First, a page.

As with text always have in mind your audience and message - don’t use any           CONTENT
picture(s) just because it’s available - try to make every picture relevant!

Be selective with images - bad pictures are worse than no pictures, unless
they are absolutely essential and no others are available!


A common mistake with photographs and drawings is to produce them all                SIZE
to the same size and shape (or format). This is especially common with
displays.

Try to create more visual interest by using a variety of sizes - consider which
images are more important, either because of their content or
attractiveness, and make them more dominant.


Try different shapes to add interest. You don’t have to reproduce                    FORMAT
photographs in the same shape as the original.

You can trim them to be long and thin, or wide and shallow rather than use
the complete picture. Enlarge one section of the image if it makes the point
much better.

Trimming pictures does need a bit of skill to work well, but it is well worth
trying and you will get better with practice.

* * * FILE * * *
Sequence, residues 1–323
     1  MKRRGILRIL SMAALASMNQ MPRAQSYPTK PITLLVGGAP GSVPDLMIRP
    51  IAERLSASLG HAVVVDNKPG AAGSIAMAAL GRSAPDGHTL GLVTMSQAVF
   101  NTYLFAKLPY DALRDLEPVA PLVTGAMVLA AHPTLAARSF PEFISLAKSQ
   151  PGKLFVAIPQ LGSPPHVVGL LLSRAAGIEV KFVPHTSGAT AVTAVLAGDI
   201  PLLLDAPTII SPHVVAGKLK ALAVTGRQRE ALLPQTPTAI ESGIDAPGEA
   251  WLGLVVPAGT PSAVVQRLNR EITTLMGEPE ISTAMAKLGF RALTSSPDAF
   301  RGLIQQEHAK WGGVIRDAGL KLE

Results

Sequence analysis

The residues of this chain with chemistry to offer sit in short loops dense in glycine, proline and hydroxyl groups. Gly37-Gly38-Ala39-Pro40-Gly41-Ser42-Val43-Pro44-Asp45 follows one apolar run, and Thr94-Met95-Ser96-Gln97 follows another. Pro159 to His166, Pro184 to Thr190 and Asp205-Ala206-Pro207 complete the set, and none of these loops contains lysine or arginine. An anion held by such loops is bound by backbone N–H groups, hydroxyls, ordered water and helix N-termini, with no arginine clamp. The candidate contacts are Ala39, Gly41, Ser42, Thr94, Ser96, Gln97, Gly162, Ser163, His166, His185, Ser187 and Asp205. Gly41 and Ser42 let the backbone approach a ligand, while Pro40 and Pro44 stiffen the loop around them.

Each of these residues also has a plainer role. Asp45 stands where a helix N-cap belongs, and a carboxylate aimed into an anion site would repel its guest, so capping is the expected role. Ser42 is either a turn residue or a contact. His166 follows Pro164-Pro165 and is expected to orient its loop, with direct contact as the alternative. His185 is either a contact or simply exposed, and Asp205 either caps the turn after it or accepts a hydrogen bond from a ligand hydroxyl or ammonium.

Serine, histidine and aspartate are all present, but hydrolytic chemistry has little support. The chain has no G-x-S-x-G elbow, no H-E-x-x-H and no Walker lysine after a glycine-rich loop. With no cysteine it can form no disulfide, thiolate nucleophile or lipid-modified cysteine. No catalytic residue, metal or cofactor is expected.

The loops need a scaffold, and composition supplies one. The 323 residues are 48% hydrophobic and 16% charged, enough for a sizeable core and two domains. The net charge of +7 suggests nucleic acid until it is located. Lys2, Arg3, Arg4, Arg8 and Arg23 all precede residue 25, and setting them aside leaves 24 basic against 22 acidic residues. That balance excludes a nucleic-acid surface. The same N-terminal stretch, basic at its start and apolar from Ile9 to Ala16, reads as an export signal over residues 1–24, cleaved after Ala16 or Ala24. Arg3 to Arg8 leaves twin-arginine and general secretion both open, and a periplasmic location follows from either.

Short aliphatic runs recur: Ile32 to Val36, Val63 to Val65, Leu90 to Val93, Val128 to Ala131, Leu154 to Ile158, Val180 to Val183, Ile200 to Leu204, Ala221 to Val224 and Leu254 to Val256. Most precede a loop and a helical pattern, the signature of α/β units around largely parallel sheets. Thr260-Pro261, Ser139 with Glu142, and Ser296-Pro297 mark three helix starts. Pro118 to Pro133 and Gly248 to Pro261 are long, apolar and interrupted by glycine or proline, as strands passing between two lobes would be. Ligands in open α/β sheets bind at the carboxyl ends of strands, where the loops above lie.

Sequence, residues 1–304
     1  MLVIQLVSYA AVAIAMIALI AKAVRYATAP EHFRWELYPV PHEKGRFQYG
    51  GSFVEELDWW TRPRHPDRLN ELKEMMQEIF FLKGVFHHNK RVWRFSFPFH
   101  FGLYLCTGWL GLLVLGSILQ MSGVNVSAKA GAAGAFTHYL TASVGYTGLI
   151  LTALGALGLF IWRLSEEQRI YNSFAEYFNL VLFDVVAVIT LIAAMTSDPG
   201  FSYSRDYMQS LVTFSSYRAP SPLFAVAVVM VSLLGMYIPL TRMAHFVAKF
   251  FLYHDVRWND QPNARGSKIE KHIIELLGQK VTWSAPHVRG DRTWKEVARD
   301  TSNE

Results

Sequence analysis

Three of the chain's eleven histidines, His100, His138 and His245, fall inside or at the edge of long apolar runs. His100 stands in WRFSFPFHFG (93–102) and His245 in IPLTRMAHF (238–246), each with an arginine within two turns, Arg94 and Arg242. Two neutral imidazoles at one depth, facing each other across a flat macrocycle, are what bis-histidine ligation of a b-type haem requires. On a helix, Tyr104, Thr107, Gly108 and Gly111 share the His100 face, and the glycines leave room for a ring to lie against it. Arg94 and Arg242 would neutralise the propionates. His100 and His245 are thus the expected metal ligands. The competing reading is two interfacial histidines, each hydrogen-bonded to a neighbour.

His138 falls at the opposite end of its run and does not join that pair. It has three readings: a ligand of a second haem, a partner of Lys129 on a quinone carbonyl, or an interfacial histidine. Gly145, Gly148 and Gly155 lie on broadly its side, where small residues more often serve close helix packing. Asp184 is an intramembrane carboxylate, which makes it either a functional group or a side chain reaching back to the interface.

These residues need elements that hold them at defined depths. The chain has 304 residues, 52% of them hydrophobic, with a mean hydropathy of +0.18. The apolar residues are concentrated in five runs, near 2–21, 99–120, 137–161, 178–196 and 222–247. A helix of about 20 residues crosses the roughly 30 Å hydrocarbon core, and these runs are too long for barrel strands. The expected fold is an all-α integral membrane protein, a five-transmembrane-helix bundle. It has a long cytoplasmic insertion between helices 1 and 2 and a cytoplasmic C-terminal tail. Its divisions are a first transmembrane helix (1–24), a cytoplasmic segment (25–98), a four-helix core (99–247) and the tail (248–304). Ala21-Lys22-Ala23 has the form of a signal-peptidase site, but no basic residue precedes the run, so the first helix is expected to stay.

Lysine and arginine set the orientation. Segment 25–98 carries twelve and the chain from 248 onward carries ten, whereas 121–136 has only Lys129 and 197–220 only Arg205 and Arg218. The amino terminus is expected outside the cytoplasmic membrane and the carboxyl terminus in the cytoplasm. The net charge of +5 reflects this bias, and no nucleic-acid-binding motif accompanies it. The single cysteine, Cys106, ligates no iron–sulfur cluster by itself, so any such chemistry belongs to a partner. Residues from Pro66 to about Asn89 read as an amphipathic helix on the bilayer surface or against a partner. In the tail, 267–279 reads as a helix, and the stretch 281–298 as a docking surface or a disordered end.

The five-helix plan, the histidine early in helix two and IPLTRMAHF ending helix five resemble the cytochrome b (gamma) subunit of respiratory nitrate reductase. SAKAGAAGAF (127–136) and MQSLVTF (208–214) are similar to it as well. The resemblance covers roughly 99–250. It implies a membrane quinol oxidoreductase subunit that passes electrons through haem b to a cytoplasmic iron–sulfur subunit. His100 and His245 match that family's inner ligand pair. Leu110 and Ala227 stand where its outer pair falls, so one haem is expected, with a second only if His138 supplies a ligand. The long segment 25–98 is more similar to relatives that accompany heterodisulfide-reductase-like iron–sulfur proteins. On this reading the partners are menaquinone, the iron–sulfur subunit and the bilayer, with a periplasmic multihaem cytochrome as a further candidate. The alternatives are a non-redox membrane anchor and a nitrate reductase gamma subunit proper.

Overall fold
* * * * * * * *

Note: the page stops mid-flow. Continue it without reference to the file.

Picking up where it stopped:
Trimming pictures can also be a great help in highlighting the important part
of a picture. It enables you to remove any ‘peripheral’ material.
                                                                                        COLOUR

Colour can be one of the most difficult elements to use successfully - and certainly
one of the most difficult to teach in a short space of time. I don’t want to get into
the theory of colour too much, but it’s probably useful to have a brief background
to how they work with each other.

Unfortunately, just to confuse matters, colour differs when using :                     REFLECTED /
                                                                                        TRANSMITTED LIGHT
Reflected Light – pigments : inks, paints, dyes etc
Transmitted Light - actual light : projected films, television, computers etc

For our purposes I’m only going to deal with Reflected Light as this is what
you’ll be using for most, if not all, of the things you’re likely to encounter.


A Primary colour is one that cannot be mixed from any other colours, and                PRIMARY COLOURS
all other colours are made up of a mixture of three Primary Colours.